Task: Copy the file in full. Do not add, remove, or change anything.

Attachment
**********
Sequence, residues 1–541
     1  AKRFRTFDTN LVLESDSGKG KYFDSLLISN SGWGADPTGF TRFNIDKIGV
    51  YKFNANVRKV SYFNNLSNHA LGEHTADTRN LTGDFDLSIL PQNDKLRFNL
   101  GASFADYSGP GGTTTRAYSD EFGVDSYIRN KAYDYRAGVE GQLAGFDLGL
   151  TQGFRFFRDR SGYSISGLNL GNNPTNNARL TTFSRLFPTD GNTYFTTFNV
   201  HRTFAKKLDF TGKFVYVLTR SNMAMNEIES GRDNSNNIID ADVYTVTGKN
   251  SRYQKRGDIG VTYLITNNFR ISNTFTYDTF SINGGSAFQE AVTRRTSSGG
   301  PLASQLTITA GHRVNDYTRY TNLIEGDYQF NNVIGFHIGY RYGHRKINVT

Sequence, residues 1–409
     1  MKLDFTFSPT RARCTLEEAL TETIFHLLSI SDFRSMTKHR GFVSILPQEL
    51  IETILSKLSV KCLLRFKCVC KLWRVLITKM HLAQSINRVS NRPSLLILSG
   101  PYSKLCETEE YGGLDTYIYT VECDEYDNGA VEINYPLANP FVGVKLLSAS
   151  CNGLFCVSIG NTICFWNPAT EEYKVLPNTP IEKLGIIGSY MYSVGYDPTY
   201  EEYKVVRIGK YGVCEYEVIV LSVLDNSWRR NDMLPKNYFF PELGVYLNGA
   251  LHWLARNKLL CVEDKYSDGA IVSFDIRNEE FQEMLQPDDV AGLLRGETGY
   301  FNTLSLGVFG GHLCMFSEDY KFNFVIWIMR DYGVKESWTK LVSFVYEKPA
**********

Sequence, residues 1–541
     1  AKRFRTFDTN LVLESDSGKG KYFDSLLISN SGWGADPTGF TRFNIDKIGV
    51  YKFNANVRKV SYFNNLSNHA LGEHTADTRN LTGDFDLSIL PQNDKLRFNL
   101  GASFADYSGP GGTTTRAYSD EFGVDSYIRN KAYDYRAGVE GQLAGFDLGL
   151  TQGFRFFRDR SGYSISGLNL GNNPTNNARL TTFSRLFPTD GNTYFTTFNV
   201  HRTFAKKLDF TGKFVYVLTR SNMAMNEIES GRDNSNNIID ADVYTVTGKN
   251  SRYQKRGDIG VTYLITNNFR ISNTFTYDTF SINGGSAFQE AVTRRTSSGG
   301  PLASQLTITA GHRVNDYTRY TNLIEGDYQF NNVIGFHIGY RYGHRKINVT

Sequence, residues 1–409
     1  MKLDFTFSPT RARCTLEEAL TETIFHLLSI SDFRSMTKHR GFVSILPQEL
    51  IETILSKLSV KCLLRFKCVC KLWRVLITKM HLAQSINRVS NRPSLLILSG
   101  PYSKLCETEE YGGLDTYIYT VECDEYDNGA VEINYPLANP FVGVKLLSAS
   151  CNGLFCVSIG NTICFWNPAT EEYKVLPNTP IEKLGIIGSY MYSVGYDPTY
   201  EEYKVVRIGK YGVCEYEVIV LSVLDNSWRR NDMLPKNYFF PELGVYLNGA
   251  LHWLARNKLL CVEDKYSDGA IVSFDIRNEE FQEMLQPDDV AGLLRGETGY
   301  FNTLSLGVFG GHLCMFSEDY KFNFVIWIMR DYGVKESWTK LVSFVYEKPA